Community members got to help officially put the Royse City Fire Department’s new fire engine in service last week at a ceremony held at the fire station.

The ceremony marked to official beginning of Engine 81’s service as part of the fire department and included a “wet down” and “push in.” Fire Chief Richard Bell was one of the department members who spoke at the event. 

“This wet down and push in a long standing tradition in the fire service, and is a ritual carried out by many fire departments throughout the U.S.,” he told the crowd gathered at the fire station. “The ritual dates back to the late 1800s.”

The tradition of a “wet down” consists of taking water from the engine being taken out of commission and spraying it on the new engine. The “push in” portion consists of pushing the new engine into the station, signifying that it’s ready for service. 

“Engine Five, which is the engine going out of service, we’re going to take the water from that truck, put it in the new engine, and we’re going to be using that same water to hose down the truck to simulate that engine five is going out of service and this one’s taking over,” Deputy Fire Marshal Tanner Dietz said at the ceremony. 

After the “wet down,” fire department members handed out towels and allowed children and adults alike to dry off the new engine at the station before Pastor Jason Hammack with First Church Royse City said a prayer blessing the engine and the fire department. Afterwards, all who wanted to help got to push the engine into the station.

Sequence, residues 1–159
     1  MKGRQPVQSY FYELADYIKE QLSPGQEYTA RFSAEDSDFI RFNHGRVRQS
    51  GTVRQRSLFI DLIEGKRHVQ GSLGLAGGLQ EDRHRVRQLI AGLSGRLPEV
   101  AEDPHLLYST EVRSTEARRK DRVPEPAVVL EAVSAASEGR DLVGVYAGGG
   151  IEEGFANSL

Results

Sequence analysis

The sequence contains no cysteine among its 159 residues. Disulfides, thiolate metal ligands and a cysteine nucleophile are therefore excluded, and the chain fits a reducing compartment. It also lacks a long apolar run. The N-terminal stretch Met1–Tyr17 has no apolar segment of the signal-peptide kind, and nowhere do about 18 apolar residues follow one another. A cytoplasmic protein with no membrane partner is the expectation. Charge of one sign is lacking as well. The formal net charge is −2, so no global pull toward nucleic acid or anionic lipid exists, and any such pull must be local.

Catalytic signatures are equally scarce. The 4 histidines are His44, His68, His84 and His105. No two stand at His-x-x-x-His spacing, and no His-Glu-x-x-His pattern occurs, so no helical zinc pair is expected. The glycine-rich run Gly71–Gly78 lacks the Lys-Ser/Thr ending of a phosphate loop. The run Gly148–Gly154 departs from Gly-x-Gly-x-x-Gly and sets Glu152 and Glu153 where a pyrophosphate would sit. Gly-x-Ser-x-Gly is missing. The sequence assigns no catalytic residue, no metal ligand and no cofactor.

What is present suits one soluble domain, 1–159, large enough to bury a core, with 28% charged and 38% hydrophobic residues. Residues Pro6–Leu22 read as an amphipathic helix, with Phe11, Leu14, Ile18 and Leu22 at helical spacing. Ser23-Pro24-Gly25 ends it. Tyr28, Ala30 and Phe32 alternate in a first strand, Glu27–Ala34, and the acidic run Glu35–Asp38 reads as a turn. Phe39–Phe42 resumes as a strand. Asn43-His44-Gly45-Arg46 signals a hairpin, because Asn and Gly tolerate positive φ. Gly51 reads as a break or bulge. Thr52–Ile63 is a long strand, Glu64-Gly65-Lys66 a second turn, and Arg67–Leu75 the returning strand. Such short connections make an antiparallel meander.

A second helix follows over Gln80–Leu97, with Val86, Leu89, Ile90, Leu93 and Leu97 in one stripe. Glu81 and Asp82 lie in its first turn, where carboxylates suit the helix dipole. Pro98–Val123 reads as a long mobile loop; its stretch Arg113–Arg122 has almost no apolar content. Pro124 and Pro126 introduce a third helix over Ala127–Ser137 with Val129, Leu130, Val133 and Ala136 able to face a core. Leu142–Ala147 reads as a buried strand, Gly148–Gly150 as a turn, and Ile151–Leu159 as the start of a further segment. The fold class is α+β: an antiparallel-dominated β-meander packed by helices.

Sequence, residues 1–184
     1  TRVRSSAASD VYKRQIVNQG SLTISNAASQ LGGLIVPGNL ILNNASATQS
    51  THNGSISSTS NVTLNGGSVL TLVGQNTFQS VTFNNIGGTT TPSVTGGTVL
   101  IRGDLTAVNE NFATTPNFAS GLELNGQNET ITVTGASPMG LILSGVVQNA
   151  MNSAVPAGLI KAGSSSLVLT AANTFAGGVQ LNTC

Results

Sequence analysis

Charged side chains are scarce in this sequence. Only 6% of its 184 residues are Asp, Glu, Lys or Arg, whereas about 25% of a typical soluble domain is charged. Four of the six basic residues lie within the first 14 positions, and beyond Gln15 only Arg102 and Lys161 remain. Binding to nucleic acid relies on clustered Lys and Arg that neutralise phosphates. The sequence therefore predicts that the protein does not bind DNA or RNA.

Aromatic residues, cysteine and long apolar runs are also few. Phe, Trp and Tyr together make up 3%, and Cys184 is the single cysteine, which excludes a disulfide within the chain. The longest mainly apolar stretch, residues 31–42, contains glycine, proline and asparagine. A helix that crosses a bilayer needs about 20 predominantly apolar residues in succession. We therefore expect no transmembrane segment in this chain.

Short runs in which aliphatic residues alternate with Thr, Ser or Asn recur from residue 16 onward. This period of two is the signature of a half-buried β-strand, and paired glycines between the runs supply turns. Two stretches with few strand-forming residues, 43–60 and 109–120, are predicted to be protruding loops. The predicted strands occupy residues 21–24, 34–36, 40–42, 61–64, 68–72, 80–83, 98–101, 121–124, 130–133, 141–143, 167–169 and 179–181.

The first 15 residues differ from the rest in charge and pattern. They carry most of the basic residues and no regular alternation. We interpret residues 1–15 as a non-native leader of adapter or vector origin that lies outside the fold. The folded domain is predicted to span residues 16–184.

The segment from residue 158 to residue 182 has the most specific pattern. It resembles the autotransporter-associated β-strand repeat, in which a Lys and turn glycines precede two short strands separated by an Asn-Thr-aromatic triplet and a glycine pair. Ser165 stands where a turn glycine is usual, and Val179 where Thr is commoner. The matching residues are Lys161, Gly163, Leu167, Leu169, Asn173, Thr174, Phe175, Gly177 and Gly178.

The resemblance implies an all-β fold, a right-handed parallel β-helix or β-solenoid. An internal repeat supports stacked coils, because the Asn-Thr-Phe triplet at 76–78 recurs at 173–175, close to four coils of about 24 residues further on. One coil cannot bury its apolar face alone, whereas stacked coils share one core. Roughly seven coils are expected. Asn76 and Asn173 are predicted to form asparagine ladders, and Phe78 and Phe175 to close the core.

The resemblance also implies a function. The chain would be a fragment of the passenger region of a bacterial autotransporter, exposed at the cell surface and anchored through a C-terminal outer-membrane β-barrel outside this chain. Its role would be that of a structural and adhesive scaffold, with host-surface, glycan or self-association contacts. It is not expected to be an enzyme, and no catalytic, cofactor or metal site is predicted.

Dietz also gave a brief overview of the timeline which culminated in the delivery of, and installation of the engine. 

“This journey started in July of last year,” he said. “As you can tell we are now more than a year after that date. It goes into so much detail that every single thing on that truck is custom and we have to determine what we want and where we want it.”

After pushing the engine back into the station, Dietz called the dispatch office to let them know the new engine was ready for service. The ceremony also included refreshments and toy firefighter hats for children attending the ceremony. 

“We are very excited about getting it in service tonight, then we’ll start using it,” Dietz said. “A lot of work has gone into being prepared for this moment, to better serve the community.”

Recommended for you